By Brian V. Bovyn, CEM, Emergency Services Supervisor, Manchester, New Hampshire Police Department
This article is Part 3 of a
three-part series on
meeting the Professional Contributions requirement of the CEM® application.
Audiovisual Contributions. Audiovisual contributions are movies, videos, films, radio interviews, training CD-Roms and similar submissions. This category of contribution may be part of a candidate’s regular job functions, based upon the job descriptions provided by the candidate.
No formally defined time requirement has been established in support of this requirement. However, in the past, 10-20 minute short subject videos (pertaining to emergency management activities) have been successfully validated in this category. A PowerPoint presentation does not meet the spirit of this standard.
Adequate supporting documentation must be provided to describe the submission, and supporting letters of attestation from a supervisor, manager or sponsor on official organization stationery must be provided.
Awards. Awards given to the employee by an organization or program external to the candidate’s agency, which rise to a level which exceeds employee of the month or “attaboy/attagirl” letters from internally within the candidate’s organization, can meet this standard. The award must be given to the individual and not a group of employees. The FEMA Professional Development series does not satisfy this requirement. Adequate supporting documentation must be provided to describe the submission, and supporting letters of attestation from a supervisor, manager or sponsor on official organization stationery must be provided.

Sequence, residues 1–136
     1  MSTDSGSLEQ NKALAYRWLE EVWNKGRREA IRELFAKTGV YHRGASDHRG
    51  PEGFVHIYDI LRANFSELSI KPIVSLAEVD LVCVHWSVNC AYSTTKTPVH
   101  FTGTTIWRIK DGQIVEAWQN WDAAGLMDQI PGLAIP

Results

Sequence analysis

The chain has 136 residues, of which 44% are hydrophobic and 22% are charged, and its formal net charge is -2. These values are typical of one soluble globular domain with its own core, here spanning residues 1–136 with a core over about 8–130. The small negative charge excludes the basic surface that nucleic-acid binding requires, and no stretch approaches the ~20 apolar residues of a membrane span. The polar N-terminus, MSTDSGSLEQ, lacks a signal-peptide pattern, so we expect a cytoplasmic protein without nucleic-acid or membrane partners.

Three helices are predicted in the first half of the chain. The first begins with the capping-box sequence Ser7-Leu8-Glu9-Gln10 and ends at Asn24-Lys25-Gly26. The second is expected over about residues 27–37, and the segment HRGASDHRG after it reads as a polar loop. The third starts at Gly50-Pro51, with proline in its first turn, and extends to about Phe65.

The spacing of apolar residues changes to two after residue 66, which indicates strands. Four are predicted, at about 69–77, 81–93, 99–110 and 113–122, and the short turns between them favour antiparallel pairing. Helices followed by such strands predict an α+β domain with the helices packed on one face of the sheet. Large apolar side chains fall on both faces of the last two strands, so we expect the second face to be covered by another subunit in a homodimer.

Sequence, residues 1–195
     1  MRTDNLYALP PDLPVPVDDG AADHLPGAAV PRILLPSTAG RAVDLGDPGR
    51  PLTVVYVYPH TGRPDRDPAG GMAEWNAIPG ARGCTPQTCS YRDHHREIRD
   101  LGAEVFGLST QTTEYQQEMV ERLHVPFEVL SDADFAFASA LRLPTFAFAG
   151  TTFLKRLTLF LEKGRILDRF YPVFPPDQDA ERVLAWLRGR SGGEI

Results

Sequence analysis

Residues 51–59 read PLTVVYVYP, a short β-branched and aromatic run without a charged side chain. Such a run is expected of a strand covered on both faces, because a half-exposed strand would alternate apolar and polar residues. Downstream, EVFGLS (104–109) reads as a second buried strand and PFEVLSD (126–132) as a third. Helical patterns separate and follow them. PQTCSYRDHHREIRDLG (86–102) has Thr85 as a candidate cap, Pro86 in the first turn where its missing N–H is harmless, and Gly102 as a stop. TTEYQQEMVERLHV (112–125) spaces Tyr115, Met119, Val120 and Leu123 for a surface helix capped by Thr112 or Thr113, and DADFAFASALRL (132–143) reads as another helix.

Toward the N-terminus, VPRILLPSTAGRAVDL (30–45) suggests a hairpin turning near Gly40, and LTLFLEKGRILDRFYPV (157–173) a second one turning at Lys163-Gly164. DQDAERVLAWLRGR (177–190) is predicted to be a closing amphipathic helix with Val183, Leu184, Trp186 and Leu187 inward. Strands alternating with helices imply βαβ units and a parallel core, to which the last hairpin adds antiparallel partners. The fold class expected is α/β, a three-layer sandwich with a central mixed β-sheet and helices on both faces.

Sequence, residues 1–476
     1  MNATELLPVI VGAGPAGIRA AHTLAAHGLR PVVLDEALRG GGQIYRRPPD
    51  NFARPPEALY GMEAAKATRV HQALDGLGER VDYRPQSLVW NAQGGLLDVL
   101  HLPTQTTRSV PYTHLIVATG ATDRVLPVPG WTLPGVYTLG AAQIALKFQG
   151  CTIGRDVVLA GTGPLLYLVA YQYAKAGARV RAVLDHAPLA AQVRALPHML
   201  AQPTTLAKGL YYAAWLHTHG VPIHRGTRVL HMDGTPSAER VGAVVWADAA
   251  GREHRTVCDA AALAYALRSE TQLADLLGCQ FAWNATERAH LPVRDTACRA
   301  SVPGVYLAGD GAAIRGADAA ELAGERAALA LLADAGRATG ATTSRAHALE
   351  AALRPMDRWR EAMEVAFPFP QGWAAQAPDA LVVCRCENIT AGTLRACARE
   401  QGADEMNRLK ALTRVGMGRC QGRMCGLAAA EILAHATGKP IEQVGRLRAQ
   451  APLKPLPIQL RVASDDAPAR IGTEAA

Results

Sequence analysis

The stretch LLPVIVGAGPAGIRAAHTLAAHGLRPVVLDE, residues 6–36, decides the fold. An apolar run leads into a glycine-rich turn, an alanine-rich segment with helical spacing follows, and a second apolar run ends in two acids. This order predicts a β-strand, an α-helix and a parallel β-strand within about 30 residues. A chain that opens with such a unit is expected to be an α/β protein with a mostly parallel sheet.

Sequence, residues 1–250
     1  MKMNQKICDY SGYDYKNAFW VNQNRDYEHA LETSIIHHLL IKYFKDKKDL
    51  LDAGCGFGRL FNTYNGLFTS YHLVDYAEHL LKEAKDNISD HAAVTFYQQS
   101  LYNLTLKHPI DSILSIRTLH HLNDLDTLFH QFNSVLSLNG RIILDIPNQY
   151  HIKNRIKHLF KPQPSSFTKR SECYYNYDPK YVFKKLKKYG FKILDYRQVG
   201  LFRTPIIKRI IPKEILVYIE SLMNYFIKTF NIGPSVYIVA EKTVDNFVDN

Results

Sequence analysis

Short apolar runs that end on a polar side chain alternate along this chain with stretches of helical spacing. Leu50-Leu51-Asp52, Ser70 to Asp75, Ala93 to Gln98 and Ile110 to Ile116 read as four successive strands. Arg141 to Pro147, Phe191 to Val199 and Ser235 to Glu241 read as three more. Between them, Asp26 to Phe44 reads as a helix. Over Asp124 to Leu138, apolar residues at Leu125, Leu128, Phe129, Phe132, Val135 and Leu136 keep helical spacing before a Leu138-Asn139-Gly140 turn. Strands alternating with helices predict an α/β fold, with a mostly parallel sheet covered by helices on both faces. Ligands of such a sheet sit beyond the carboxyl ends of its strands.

Examples of this contribution include, but are not limited to, the Eric Tolbert Emergency Management Award, individual state emergency management awards, volunteer agency awards, and Epsilon Pi Phi (National Emergency Manager Honor Society).
With regard to Epsilon Pi Phi (National Emergency Manager Honor Society) and the Gold and Silver Award levels, this may be acceptable as an “award” contribution. However, if the candidate chooses to pursue this contribution, the individual requirement’s supporting documentation cannot be re-used by the candidate to satisfy other CEM® application requirements, such as emergency management or general management training courses or professional contributions. That would be considered a double-dipping scenario, which could be a violation of the IAEM Code of Ethics.
Research. Conducting comprehensive emergency management related graduate level research (professor supervised) or extensive comprehensive emergency management research for IAEM (or a similar emergency management organization) typically meets the requirement for this contribution. Being an interviewed subject, being a single part of a research project, or completing regular homework or essays do not meet the requirements of this standard. Adequate supporting documentation on official stationery from your professor or college administration, samples of the research conducted, and photos and other key research documentation with the candidate’s validated participation described within, typically meet the validation requirement for this contribution.
Other. Other is the “wild card” of professional contributions. This category is broad and generalized by design to afford the candidate the maximum range of flexibility in citing his or her contribution. An example would be an assignment on a disaster response in another jurisdiction. Another example might be significant involvement in a comprehensive emergency management project. Adequate documentation typically includes letters from supervisors, managers or supporting organizational heads on official agency stationery that explain or describe the work completed or that the candidate was involved in. Photographs, radio sound bytes, video segments and newspaper articles also may validate the candidate’s participation. In order to receive credit for the professional contribution, suitable documentation must be present, not just a telephone number.
Author’s Note: Thank you to Daryl Spiewak, CEM, TEM, TCFM, for contributing to this article.
March 2011, IAEM Bulletin